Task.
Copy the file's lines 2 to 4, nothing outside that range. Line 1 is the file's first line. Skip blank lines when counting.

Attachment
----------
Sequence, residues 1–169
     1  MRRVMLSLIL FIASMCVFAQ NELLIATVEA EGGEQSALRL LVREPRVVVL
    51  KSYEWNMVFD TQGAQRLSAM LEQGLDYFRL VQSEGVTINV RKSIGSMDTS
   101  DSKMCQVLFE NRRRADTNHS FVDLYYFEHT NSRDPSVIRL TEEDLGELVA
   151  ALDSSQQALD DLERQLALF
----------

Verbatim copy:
     1  MRRVMLSLIL FIASMCVFAQ NELLIATVEA EGGEQSALRL LVREPRVVVL
    51  KSYEWNMVFD TQGAQRLSAM LEQGLDYFRL VQSEGVTINV RKSIGSMDTS
   101  DSKMCQVLFE NRRRADTNHS FVDLYYFEHT NSRDPSVIRL TEEDLGELVA